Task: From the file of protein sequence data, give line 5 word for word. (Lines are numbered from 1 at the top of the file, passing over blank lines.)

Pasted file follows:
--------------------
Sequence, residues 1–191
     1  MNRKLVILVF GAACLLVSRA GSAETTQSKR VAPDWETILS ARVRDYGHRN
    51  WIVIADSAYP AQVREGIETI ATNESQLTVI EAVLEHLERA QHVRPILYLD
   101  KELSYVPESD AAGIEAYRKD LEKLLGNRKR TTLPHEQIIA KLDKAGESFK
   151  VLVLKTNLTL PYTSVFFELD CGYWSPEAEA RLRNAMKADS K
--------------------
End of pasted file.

   151  VLVLKTNLTL PYTSVFFELD CGYWSPEAEA RLRNAMKADS K